ãWhen the Minnesota Orchestra sat down to play, it was the first time I heard my music played by a full orchestra,ä he said. Now he feels there are some areas which need fixing, some instruments couldnât be heard. Rewrites are an ongoing process. A composer can rework a piece many times until it becomes unproductive and you need to call it quits. Nobody can write a perfect piece of music,ä Wittgraf said. He added it took him 10 months to complete ãEvent.ä
The jury is still out deciding which composition the orchestra will include in the next concert series. The jury is comprised of Eiji Oue, Minnesota Orchestra music director; Asadour Santourian, director of artistic planning; Linda Hoeschler and her staff from the American Composers Forum; and several leading Twin Cities composers who had come to offer their opinions.
When asked about the Perfect Pitch concerts, Wittgraf said an invitation went out to composers asking them to submit a piece for orchestra. Twelve composers submitted scores. ãI feel fortunate to have my piece among the finalists. It was a great experience to sit in the audience and hear my music played by one of the top orchestras in the world. Plus David Dzubay, consulting composer for Perfect Pitch, talked one-on-one with the composers, telling us how to better prepare parts of our music, talking in-depth with each of us.
ãAkira Mori, acting assistant conductor for the Minnesota Orchestra was flown in from Japan. He did an incredible job. He spent considerable time learning each piece the orchestra was to play. The musicians did a terrific job, they were tremendous,ä Wittgraf stressed.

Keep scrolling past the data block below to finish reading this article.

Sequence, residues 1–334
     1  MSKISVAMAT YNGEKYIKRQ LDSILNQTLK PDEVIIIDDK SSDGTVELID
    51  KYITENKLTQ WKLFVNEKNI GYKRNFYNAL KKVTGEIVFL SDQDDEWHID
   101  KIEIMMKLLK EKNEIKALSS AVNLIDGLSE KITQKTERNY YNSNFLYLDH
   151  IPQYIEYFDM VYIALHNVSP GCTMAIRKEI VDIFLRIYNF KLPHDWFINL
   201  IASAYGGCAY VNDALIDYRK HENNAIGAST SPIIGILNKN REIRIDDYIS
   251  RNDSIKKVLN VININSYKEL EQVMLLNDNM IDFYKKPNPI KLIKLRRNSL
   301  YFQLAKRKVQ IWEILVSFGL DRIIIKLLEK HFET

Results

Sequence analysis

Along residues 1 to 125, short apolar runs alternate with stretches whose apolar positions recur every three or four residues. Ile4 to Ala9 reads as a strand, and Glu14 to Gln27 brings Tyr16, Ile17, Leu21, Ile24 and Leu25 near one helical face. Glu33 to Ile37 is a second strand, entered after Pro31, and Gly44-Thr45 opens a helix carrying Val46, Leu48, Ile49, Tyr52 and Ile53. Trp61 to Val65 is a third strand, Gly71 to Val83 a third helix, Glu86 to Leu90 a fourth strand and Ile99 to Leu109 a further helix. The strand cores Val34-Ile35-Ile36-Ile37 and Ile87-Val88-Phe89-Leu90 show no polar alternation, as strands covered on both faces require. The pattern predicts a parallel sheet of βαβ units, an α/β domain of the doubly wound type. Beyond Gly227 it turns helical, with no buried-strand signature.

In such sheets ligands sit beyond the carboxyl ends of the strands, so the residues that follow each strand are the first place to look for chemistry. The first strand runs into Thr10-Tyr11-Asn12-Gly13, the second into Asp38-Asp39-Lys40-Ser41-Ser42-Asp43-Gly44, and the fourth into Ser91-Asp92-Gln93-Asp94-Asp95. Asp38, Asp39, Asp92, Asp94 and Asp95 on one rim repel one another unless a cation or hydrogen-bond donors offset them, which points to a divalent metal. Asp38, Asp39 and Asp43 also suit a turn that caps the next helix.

He dedicated his composition ãEvent,ä after the birth of his oldest daughter, Solveig Brigitte Bloomquist. Wittgraf said it is the only time he reached complete self-unawareness for an extended period of time. The piece is written in two movements. The first movement, ãExperience,ä was performed by the orchestra. ãIt is a reflection of the self-conscious state, when moments are observed from the outside and one can sense the passage of time,ä Wittgraf explained about his composition. ãDuring these moments, several different thoughts may occupy the mind simultaneously. Problems may be solved, situations may be considered, or anxiety may take over.ä
ãMom and Dad were my only music teachers until I entered college. Iâm basically self-taught on many instruments,ä Wittgraf said. ãHearing my music played by the Minnesota Orchestra was a dream come true,ä he added. Wittgraf feels his ability to play several different instruments helped him in putting together scores for different parts of the orchestra knowing what sounds good together.
He does most of his composing away from the piano. He only uses the piano to check on various notes. He also plays the organ and a lot of wind instruments.
The son of Jon and Etta Wittgraf, Richmond, he graduated from Paynesville High School in 1981. He attended Carleton College from 1981 to 1985 earning a degree in mathematics. While at Carleton, he studied music composition. He re-entered academic life in 1990 at the University of Minnesota. In 1994, he entered Northwestern University and will complete his studies there in December. He is married to Pieper Fleck, daughter of Larry and Janet Fleck, Regal.
Wittgraf is studying contemporary art music which stresses originality not commercial products (jingles and television or movie music scores). ãBut I can do them,ä he added. ãIâve composed 100s of pieces of music from pop tunes to jazz and classical. Iâd say I have composed only 25 which I consider worthwhile. A personâs tastes change. Iâd consider myself less conservative than five years ago,ä Wittgraf said. ãAn artist has to show progress. They donât want to copy other peopleâs works...they seek high art, perfection and originality.ä
Wittgraf said his short-term goals include teaching music composition, music theory or electronic music. His long-term goals are to be able to support his family from his compositions.
He said if his composition is selected, it would mean a huge boost to his career. ãThe best part of the whole thing is the learning experience. I met a whole new group of people and listened to their music played by the orchestra. There is no substitute for actually hearing your music played by a high quality group of musicians,ä Wittgraf stressed.
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